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  • Writer's pictureRizwan Khan

Tips for leaders to manage technology in their organizations, including Associations & Education

Most all organizations, both in technology and non-technology space, need help with the effectiveness of technology in their organizations. Technology firms provide technology to their customers, while non-technology organizations use technology as an enabler for the goods and services they provide to their customers. Associations and education fall in the category of non-technology organizations. They need technology to deliver services to their members and sponsors in the case of associations and students and teachers for education institutions.

Because technology is not the main focus of these organizations, there are more issues related to technology in these organizations than the technology firms. If left unchecked, they can compound over the years.

According to a report from Gartner, “Organizations often put most of the budget for I&T into platform operations - more than 70 percent on average. That operational expense has grown over time, leaving less and less available for innovation.”

Some of the most common technology-related concerns include using too many one-off systems. Point-to-point integrations, on-premises servers, upgrade delays, analytics, reporting, security, and data trust issues. I have seen cases where companies of 150-200 employee-size have 40+ applications and 350+ databases running with various security vulnerabilities and data-related issues. The industry uses the term technology debit for these issues. Technology debt affects operations and hinders the organization's digitalization efforts.

In a survey of CIOs conducted by McKinsey Digital in 2020, 60 percent reported a perceptible increase in technical debt in the last three years.

Many of these issues come down to a fundamental lack of technology strategy. Technology Strategy is based on business strategy that lays out what the organization wants to do in the short and long term to achieve its business goals. Technology strategy drives technology roadmap, which can translate into a delivery portfolio of technology initiatives, including debt reduction initiatives. A project portfolio helps manage key delivery projects. The progress of these critical projects can be captured in KPI Dashboards to show both business alignment and transparency on an ongoing basis.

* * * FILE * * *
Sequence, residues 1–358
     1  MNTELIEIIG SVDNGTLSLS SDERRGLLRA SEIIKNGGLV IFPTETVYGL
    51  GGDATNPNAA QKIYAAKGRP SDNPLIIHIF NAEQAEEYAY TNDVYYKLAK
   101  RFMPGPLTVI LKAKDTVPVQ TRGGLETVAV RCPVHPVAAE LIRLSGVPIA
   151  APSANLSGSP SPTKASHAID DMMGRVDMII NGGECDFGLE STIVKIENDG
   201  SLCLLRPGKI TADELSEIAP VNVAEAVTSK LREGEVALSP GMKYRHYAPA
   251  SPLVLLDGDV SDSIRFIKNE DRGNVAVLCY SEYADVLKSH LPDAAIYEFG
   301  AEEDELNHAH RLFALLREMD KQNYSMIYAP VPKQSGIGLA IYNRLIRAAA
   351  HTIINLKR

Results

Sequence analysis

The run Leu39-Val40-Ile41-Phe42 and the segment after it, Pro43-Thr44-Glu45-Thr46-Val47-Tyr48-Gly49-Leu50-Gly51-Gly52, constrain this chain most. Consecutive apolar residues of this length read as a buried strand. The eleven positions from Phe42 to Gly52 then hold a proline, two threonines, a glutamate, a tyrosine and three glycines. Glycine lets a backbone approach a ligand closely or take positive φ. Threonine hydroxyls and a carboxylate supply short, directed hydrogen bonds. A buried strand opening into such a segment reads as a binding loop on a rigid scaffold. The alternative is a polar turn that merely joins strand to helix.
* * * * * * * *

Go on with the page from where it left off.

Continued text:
Technology-related problems, whether they are preventing you from upgrading your systems and engaging new customers or they are making you less responsive and agile, technology problems radically get in the way of fulfilling your strategic plan. The quickest way to tackle these problems is by doing capability assessments in areas of concern, including technology organization, business alignment, technology processes, data quality, reporting, analytics, security, and technology stack. These assessments are a great way to have a deeper understanding of the organization’s technology-related issues, so you can develop a plan to address the areas of concern and start executing for results.

Based on these assessments, an approach can be devised to address the organization's immediate and long-term technology obstacles and possible solutions for improvements.

As a seasoned CTO, I have assisted dozens of organizations in their technology optimization and alignment journey, including prominent organizations in associations, nonprofits, education, manufacturing, logistics, and supply chains. For more information and guidance, you can find me at

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